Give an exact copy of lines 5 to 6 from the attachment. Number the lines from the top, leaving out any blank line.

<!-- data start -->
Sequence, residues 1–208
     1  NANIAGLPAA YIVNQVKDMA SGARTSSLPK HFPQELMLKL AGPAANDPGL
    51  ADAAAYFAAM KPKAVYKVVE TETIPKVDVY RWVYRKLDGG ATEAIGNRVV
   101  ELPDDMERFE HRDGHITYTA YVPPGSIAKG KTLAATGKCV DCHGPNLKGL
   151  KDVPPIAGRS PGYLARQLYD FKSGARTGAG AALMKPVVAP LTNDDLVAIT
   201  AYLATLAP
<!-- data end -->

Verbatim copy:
   151  KDVPPIAGRS PGYLARQLYD FKSGARTGAG AALMKPVVAP LTNDDLVAIT
   201  AYLATLAP